African American Parents: Prevent Central Park 5 From Repeating
African American parents must prepare their children for this broken system.
The Central Park 5
The Central Park 5 was a case in which a white female jogger, Trisha Meili, was brutally attacked and raped in the North woods of Manhattan’s Central Park on the night of April 19, 1989. The victim was left in a coma for 12 days. An estimated 30 juvenile males were in Central Park that evening, five of whom were caught. Four were African American and one Hispanic. They were apprehended and charged with assault, robbery, riot, rape, sexual abuse, and attempted murder relating to attacks on Meili and others in the park that night.
Before the trial, the FBI tested the DNA of the rape kit and found it did not match any of the tested suspects. They were questioned and held for 18 hours without parental consent, and they were forced to give written statements confessing to this crime. Before their parents had a chance to intervene, they were forced to sign all their rights to an attorney away simply because the boys wanted to go home and grew tired of the process.
Too Many to Count
We have heard countless stories of young black males that have been exonerated and given settlements for being wrongfully convicted. These once minors served 5- to 15-year sentences for crimes they did not commit with no eyewitnesses or DNA evidence. Their written statements contradicted each other and were used against them to convict them. This leaves me to wonder, in this broken system that targets black males, how many more are behind bars serving time for a crime someone else committed. In a time when DNA and forensics are available, the fact that they had no DNA match didn’t matter in the Central 5 case.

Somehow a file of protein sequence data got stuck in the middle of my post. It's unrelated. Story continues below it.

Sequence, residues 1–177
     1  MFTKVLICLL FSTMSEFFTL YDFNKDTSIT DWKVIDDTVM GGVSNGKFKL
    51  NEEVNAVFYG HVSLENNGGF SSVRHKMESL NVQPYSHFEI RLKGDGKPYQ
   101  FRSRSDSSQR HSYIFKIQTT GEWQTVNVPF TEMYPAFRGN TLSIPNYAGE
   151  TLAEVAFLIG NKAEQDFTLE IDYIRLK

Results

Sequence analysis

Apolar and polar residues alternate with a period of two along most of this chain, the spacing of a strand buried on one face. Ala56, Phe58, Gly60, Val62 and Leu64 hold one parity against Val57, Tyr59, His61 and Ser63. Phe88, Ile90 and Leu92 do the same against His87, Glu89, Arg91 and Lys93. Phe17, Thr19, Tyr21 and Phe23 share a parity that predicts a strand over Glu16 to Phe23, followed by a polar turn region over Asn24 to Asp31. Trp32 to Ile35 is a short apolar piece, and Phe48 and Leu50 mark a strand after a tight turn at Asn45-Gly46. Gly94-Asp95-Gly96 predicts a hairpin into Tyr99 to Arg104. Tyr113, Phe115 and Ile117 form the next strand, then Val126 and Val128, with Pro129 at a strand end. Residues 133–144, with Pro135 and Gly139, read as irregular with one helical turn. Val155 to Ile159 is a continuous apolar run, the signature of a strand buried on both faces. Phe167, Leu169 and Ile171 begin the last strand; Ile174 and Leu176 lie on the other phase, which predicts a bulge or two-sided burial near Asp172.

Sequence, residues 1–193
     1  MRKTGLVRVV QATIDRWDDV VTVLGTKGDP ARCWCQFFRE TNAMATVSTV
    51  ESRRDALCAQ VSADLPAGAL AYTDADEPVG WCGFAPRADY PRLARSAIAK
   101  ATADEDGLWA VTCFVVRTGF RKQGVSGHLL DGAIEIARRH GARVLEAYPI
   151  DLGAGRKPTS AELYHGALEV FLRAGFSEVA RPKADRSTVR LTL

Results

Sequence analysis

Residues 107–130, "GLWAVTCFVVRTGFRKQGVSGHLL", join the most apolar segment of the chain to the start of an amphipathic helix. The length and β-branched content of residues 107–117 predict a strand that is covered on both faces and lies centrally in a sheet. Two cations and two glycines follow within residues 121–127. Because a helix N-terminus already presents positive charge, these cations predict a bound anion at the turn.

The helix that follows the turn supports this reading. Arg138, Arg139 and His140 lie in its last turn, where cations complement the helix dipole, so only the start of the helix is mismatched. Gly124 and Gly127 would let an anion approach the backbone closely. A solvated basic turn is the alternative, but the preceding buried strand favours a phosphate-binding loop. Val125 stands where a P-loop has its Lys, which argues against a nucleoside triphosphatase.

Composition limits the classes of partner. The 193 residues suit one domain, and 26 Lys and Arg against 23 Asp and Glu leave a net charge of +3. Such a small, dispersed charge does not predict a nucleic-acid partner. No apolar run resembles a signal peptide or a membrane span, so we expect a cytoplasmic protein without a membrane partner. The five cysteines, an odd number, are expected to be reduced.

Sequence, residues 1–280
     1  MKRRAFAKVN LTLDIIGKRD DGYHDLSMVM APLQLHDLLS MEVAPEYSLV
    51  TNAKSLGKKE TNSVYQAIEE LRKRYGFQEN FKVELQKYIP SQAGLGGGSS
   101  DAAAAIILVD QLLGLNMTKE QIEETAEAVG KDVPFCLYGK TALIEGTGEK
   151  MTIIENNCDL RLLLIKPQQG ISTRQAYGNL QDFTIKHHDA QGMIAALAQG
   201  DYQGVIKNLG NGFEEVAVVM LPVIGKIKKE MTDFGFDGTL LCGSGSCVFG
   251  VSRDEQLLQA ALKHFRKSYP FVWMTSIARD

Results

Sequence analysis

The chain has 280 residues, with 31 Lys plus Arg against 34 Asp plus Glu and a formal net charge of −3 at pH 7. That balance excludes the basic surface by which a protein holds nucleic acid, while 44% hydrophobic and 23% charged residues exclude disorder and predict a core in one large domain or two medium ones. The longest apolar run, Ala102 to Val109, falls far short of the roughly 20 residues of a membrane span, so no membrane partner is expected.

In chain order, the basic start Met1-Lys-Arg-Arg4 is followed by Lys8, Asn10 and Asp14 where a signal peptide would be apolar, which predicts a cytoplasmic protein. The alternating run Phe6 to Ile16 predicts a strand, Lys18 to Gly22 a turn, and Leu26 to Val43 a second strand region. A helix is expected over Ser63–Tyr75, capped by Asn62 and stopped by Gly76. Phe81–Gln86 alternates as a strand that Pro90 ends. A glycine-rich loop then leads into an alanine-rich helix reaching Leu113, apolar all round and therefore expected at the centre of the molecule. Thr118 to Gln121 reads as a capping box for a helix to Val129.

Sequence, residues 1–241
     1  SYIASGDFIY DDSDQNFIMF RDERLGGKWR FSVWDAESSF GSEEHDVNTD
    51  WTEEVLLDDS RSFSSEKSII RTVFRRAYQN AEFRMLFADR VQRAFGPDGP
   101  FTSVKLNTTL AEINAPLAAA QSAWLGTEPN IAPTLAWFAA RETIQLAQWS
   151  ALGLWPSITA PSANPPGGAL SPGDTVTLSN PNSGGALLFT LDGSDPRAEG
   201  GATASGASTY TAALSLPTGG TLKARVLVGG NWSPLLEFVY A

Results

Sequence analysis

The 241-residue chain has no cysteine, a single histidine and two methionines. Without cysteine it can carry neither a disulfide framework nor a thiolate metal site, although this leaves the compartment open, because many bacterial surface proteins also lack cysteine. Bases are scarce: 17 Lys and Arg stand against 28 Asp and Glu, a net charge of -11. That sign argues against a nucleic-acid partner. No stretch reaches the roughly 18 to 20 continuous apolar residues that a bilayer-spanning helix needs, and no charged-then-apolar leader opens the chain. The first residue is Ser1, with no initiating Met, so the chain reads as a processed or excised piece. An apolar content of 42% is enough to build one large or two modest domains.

Mass incarceration has been so socially concentrated that America is no longer incarcerating certain individual criminals, they are incarcerating whole social groups. Nowhere in the world incarcerates at the rate at which America incarcerates black men. If those men grew up in the late 1970s, through the American prison boom of the ’80s and ’90s, the chances of them serving time is 70%.
There are now about 1.2 million African American children with a parent who is or has been incarcerated. American has chosen the response of the deprivation of liberty for an historically oppressed group whose liberty in the United States was never firmly established from the beginning.
The Duty of Parents
As African American parents, we must break this cycle. We must educate ourselves and our young children about this broken system from the beginning so that they do not become future victims of it.
Parents must educate themselves on the laws of American soil and know that they are prime targets. Knowing your right, and knowing the laws is the first step to breaking the cycle. Not being able to afford lawyers has hurt African American communities in poverty who continue to be targeted.
Plan to have talks and lessons with your child about crime and self-protection. Kids and the Law is a book funded by The California Bar Foundation that helps parents prepare their juveniles and teens for the laws of the land. There are many similar books that you can access via smartphone by doing a Google search keywords: Children or kids and the law in your state.
As adults, we must also be educated on the system, and how not to become a victim by knowing your own rights, and what certain charges mean such as felonies and probation. There are resources online, and this is vital to the African American community. We must attempt to save our own lives and the lives of our children with preventive maintenance starting now.
We have more African Americans in for-profit prisons working free labor than there were slaves. This should alert every parent that the system was built to keep our group enslaved under the 13th Amendment.
How many more innocent children like the Central Park 5 must be targeted with no penalty given to law enforcement before our community takes action?
How many more unarmed black men have to get killed for us to be motivated enough?
How many more African American mothers have to raise boys to be men as single parents who will be targeted by this broken system before we to wake up?
Questions & Answers
© 2019 Kimika Foster